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IIM Bangalore Faculty & Staff Write to Chief Justice of India in Solidarity With Bilkis Bano

The statement, signed by 54 people, appeals to the court to respond urgently to Bano's right "to live without fear and in peace."
IIM Banglore

Representational use only.Image Courtesy: Wikimedia Commons

IIM Bangalore (IIMB) faculty and staff, in a letter to the Chief Justice of India (CJI), said that they were stunned by the Gujarat government's decision to provide remission to 11 convicts in the Bilkis Bano case. The statement, signed by 54 people, appeals to the court to respond urgently to Bano's right "to live without fear and in peace."

Eleven convicts serving life imprisonment in the Bilkis Bano gangrape case from the 2002 Gujarat riots were set free from the Godhra sub-jail on August 15, after the Gujarat government permitted their release under its remission policy.

The Bilkin Bano gangrape case occurred in 2002 when on March 3, 19-year-old Bilkis Bano and her family were trying to escape a mob on a truck in Limkheda taluka of Dahod district during the Gujarat Riots. Bilkis Bano, who was five months pregnant then, was gangraped after an armed mob attacked the truck. The mob killed 14 members of her family, including her 2-year-old daughter, mother, and cousin.

When Bilkis Bano approached the local police station to file a case, she was threatened with dire consequences. She later petitioned the Supreme Court, which directed a CBI probe into the matter. The Supreme Court moved the case from Gujarat to Maharashtra after Bilkis Bano and her family complained of receiving death threats.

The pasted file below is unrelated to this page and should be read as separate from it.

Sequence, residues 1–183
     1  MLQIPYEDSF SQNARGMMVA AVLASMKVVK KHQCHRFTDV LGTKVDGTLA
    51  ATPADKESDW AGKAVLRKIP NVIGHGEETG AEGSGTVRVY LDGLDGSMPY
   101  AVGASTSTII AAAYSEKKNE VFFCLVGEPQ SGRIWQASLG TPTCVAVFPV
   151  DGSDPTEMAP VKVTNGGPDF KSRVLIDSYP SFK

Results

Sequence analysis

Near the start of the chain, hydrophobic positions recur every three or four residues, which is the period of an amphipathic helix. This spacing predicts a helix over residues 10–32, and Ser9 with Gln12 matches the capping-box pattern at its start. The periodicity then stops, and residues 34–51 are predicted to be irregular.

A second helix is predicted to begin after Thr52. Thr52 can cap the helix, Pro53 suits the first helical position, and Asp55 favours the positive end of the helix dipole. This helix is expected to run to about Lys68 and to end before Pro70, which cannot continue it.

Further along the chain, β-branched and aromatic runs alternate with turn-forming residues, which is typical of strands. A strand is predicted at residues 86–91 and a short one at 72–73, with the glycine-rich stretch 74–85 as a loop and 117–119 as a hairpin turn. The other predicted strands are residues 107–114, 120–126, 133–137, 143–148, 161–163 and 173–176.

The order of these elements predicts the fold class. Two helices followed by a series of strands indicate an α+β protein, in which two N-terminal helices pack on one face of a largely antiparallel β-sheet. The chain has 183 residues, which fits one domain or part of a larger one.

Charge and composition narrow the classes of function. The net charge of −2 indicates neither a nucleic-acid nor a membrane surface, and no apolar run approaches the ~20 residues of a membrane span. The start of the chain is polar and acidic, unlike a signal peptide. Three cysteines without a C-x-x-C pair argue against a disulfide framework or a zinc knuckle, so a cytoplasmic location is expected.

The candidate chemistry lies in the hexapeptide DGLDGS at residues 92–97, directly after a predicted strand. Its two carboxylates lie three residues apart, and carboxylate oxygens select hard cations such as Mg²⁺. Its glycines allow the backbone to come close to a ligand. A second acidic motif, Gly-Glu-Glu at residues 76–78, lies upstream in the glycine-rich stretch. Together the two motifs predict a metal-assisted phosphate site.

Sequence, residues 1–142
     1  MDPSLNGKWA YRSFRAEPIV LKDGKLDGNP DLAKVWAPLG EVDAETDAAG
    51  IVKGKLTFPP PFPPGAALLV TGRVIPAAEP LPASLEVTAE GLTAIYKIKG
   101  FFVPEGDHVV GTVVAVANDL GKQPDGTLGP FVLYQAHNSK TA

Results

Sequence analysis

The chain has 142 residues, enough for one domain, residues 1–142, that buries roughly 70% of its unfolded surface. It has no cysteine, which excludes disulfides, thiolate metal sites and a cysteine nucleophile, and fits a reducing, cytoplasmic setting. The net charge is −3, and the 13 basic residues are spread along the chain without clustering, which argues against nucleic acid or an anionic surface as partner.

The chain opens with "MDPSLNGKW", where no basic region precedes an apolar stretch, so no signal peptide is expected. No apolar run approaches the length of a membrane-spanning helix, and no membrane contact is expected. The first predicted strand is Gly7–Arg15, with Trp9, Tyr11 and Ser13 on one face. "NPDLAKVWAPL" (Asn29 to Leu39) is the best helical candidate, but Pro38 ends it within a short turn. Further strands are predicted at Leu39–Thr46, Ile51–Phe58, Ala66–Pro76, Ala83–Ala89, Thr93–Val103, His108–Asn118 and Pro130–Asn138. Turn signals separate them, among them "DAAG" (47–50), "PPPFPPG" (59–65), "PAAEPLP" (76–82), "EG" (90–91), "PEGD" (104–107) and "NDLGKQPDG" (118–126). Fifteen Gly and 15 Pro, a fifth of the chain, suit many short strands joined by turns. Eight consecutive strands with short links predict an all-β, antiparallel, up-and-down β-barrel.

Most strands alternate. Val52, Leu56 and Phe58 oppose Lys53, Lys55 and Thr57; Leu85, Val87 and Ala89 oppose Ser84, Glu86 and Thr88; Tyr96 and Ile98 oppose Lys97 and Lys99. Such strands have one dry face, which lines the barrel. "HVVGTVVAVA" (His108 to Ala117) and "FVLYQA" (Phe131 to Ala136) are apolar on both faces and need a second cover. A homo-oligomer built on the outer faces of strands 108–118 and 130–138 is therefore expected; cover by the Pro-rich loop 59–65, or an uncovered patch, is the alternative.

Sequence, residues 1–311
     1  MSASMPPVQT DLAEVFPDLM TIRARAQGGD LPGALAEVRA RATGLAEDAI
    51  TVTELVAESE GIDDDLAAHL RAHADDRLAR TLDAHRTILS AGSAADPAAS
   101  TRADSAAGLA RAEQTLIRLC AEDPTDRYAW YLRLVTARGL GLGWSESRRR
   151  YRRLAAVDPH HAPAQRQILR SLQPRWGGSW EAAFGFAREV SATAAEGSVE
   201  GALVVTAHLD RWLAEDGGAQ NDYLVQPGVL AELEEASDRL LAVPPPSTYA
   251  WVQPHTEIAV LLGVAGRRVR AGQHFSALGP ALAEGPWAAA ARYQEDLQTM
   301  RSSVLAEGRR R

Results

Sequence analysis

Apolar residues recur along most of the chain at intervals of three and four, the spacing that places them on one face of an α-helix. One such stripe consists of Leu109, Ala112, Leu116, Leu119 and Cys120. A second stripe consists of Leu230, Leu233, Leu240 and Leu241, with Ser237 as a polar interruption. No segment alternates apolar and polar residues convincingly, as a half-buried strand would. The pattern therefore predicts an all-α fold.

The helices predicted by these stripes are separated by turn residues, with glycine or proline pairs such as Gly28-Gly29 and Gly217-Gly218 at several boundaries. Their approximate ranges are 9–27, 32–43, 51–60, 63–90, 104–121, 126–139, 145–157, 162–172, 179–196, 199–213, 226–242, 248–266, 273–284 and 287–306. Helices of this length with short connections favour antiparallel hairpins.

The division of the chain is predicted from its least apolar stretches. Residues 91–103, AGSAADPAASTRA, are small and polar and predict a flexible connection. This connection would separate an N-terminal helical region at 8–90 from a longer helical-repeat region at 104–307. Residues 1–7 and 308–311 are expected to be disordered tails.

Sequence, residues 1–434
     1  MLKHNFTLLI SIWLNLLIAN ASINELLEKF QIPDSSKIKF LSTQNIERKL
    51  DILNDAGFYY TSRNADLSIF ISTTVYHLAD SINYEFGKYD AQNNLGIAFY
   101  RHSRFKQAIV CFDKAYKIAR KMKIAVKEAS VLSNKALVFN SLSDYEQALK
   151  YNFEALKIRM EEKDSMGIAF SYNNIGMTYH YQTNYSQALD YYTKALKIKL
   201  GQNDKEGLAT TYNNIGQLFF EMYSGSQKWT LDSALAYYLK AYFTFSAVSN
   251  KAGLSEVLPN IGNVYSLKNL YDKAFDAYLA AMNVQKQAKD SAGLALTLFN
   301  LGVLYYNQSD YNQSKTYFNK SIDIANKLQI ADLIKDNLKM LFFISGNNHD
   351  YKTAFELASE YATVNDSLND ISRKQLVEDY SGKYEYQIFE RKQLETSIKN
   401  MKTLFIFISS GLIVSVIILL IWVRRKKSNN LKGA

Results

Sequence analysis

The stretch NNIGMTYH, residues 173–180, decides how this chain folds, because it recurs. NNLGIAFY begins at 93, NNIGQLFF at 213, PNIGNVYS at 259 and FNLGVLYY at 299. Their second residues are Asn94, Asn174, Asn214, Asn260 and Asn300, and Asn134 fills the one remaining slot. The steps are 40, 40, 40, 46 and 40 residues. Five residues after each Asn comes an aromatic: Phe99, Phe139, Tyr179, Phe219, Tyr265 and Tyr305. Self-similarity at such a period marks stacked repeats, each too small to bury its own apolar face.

In January 2008, a Mumbai court sentenced 11 out of 19 accused to life imprisonment for gangrape and murder. The Bombay High Court upheld the conviction in May 2017. Bilkis Bano was awarded compensation of Rs 50 lakh by the Supreme Court in 2019.

The statement by IIMB faculty and staff held that the crimes committed by the 11 men granted remission were no ordinary crimes.

"They were accused and convicted of gang rape and murders of the most depraved and inhumane kind. The Supreme Court itself upheld their conviction in 2008."

The remission, the statement says, "is not only a denial of justice but also presents a real and immediate danger to Bilkis Bano and her family." It deplored the sympathetic treatment the convicted men received as "shocking."

"What kind of a nation are we turning into if Bilkis Bano is left to defend herself while her violators are given a hero's welcome?"

Furthermore, it asks the legal system and courts to aid citizens in securing justice, liberty, equality, and fraternity so that "the horrors that Bilkis Bano underwent in 2002 should not be experienced by any woman anywhere."

"This remission is bound to embolden perpetrators of such heinous crimes while simultaneously extinguishing the hope of millions of Indians who look up to the courts to deliver justice," the statement read.

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